Breaking Down the House Stereotypes
Why is it that so many people seem to think of themselves as the Sorting Hat, yet they can’t correctly Sort to save their lives? This isn’t the first time House misconceptions are brought up — let’s break down the many myths that are commonly believed about each House and see what a true Gryffindor, Ravenclaw, Hufflepuff, and Slytherin each look like.
MISCONCEPTIONS: As Professor Dumbledore once said in the ever-so-popular A Very Potter Sequel: “Gryffindor is the House of the good guys.” Anyone and everyone that sleeps in Gryffindor Tower has an almost magical sense of what is right, is never afraid of a single thing, and loves to throw all-night-long parties. Right?
REALITY: More often than not, we will see everyday Gryffindors as our heroes. That makes sense, seeing as they have the House of courage and bravery. But Gryffindors have fears just like everyone else — though, despite these fears, they still do what they believe to be good.
Ron is an obvious arachnophobe, but that doesn’t stop him from heading into the Forbidden Forest, trembling with fear, to help save the school and prove Hagrid’s innocence. Peter Pettigrew, on the other hand, seemed to think that whoever held power was the right person to follow. He showed courage — horrible yet clear courage — when he changed camps and joined the Dark Lord; we all know how much bravery it takes to stand against your friends.
Both are Gryffindors in very different ways. Both use their courage to move on and get to where they need to go.
MISCONCEPTIONS: With their noses in their books and their hands on their quills, Ravenclaws finish their homework quicker than it takes to say Wingardium Leviosa. But don’t dare tell these intellectual types how something makes you feel. Unless it’s based in logic, Ravenclaws could never understand.
REALITY: A grave mistake was made when we started associating Ravenclaws with model students. Some of them may be, but who says the most passionate subjects are found in textbooks? Take Luna, for example. We don’t really hear much about her studies, but she is passionate about invisible creatures and mysterious monsters that no one else really seems to believe in.
Think of Trelawney, always focused on what every little sign may mean but never bothering to check if she’s correct. Think of Quirrell, who tried to find the remains of the Dark Lord simply out of curiosity. To a Ravenclaw, a feeling or intuition may be just as important as a fact. They are oddballs (like Uric the Oddball) who love to discover, learn, and invent; Ravenclaws resemble much more the crazy scientist than the respected academic.
MISCONCEPTIONS: We all know who Hufflepuffs are. They’re nice, shy, and maybe even… boring. As soon as someone is willing to help a friend or smile at a stranger, they can be nothing else than a classic ‘Puff.
REALITY: Hufflepuffs can be nice people, but never mistake them for pushovers. In fact, some of their main values seem to imply the opposite. Hard workers and big on justice, the average Hufflepuffs are out on the street, fighting against discrimination.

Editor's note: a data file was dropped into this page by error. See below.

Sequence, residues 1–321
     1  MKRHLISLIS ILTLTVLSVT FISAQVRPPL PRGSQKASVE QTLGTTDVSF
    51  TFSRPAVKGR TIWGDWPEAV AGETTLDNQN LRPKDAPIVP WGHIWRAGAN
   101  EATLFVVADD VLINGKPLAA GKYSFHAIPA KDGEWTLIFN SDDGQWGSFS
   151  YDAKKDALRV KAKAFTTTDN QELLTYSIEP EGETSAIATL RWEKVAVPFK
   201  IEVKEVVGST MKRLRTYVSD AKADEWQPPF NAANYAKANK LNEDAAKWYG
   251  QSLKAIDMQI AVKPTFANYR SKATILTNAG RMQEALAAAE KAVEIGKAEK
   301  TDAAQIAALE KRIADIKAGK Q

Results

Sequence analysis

Look at Cedric Diggory. After seeing that he won a Quidditch match because the Dementors attacked Harry, he tried to get his win canceled. That’s more than nice — that’s fair. The same fairness can be found in Zacharias Smith, incredibly skeptical of Harry because he does not believe in giving him more praise or honor than the average student. Rather, Zacharias believes in taking him down a notch. To him, that’s what’s fair.
Hufflepuffs may often be pleasant, but that’s not their defining trait. They are just, loyal, and determined. Never confuse that with “nice.”
MISCONCEPTIONS: Last are Slytherins — a House of Dark wizards, the snake House is filled with blood-purity discrimination and Muggle hatred. If you ever find a Slytherin who doesn’t hate all who are different, then they’ll for sure be dark and broody.
REALITY: When your House’s founder turns out to be a huge racist, it’s no wonder that rumors start spreading about your own values, both within the House and out of it. Discriminative thoughts do seem to be more present among members of Slytherin, but this can be associated more with a hostile environment than with their inherent values.
Nothing about Slytherins’ values means they are predisposed to be evil. They are ambitious and determined people who dream big. Think of Slughorn, who always loved networking. He manipulated all around him, raising the ones he loved and helping his favorites succeed. Think of Regulus Black — once he saw the true nature of the Dark Lord, he died to end him. Regulus’s sacrifice was brave, but it mostly showed his determination to save the wizarding and Muggle worlds.
A Slytherin has a goal in mind and always moves toward it. That goal could be to rule the world, but more often than not, it’s just to cheer up a friend.
Are there any other stereotypes that you hate about your House or any characters who defy these preconceived notions? Let us know in the comments.